Tech Insider

Thursday, February 17, 2005

Intel Builds First Continuous Laser With Silicon

Researchers from Intel Corp. have created the first continuous laser beam using silicon components, a development the chip maker called a major scientific breakthrough that could herald significant advances in communications and medicine.

In a paper to be published on Thursday in the journal Nature, Intel's Photonics Technology Laboratory reported a way to overcome the primary hurdle to using silicon as a medium for laser light, an effect in which electrons freed by the energy of passing photons absorb the light as it passes through.

Researchers at the world's largest maker of microchips overcame that problem -- called two-photon absorption -- by using a technique from the world of semiconductors: it created positive and negative regions around the path of the laser light, which "vacuum" away electrons and provide a clear road for the laser.

A continuous laser beam generated through silicon, which is transparent to infrared light, could overcome cost and size limitations in current lasers used in surgery and communications, which are made with more exotic and expensive materials, Intel said.

Bahram Jalali, a professor of electrical engineering at the University of California in Los Angeles who has also done work with silicon lasers, said Intel's laser holds promise as the basis for defense applications, as in infrared jamming devices to defend against heat-seeking missiles.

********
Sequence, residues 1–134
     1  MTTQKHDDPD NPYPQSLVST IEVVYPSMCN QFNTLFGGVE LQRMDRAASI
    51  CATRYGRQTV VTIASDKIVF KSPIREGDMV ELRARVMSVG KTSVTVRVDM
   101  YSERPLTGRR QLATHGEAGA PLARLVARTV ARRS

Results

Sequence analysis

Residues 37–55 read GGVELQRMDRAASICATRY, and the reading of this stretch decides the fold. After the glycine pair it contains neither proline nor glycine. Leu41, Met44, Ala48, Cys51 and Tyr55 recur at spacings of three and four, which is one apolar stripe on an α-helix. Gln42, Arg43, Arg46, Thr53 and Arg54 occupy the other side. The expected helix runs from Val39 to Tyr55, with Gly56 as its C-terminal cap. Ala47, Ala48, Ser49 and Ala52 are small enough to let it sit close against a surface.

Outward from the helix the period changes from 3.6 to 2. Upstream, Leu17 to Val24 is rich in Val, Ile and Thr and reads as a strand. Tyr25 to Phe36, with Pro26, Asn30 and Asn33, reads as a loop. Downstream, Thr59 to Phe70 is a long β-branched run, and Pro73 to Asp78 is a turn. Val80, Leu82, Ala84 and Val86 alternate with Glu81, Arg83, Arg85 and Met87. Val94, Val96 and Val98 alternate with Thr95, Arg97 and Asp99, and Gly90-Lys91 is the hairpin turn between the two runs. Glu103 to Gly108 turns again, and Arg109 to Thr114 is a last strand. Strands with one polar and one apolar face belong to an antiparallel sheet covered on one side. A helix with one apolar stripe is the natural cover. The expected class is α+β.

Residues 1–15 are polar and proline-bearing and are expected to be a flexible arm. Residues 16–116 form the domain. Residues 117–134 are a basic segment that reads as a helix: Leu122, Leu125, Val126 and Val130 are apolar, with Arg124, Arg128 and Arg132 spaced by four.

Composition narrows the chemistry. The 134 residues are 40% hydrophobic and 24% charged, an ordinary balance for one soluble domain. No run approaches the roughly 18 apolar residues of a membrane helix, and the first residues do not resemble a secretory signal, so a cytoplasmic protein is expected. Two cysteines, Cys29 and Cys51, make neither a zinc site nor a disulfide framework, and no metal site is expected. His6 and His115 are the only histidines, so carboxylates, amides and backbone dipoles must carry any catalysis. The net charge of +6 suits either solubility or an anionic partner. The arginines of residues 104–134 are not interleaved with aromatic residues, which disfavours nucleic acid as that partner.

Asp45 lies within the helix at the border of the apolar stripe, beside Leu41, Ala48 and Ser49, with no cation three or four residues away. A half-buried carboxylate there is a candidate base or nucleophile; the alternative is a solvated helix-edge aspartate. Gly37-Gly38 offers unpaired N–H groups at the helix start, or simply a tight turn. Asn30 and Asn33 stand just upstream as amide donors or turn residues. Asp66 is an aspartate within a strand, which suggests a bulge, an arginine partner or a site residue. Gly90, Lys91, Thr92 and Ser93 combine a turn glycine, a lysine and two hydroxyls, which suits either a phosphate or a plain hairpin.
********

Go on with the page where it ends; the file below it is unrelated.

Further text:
He added, however, that Intel's device, technically called a silicon Raman laser, would not make a good replacement for other, more common laser applications.

"It is important to understand that the silicon Raman laser is not a replacement for existing diode lasers, such as the ones used in DVD players and telecom equipment," Jalali said. "Instead, it is a device that extends their operating range to longer wavelengths."

Mario Paniccia, the director of the photonics lab, said the device could have medical applications in the years ahead, replacing large lasers used for surgery that cost as much as $50,000 each with far less expensive and smaller devices.

Paniccia said Intel is aiming to create products from its work in silicon photonics by the end of the decade.

Last February, Intel reported on a way to use the silicon building blocks of computer chips to switch light on and off at high speeds. The silicon modulator took in laser light and pulsed it onto fiber-optic cables at very high speeds.

Source: Reuters


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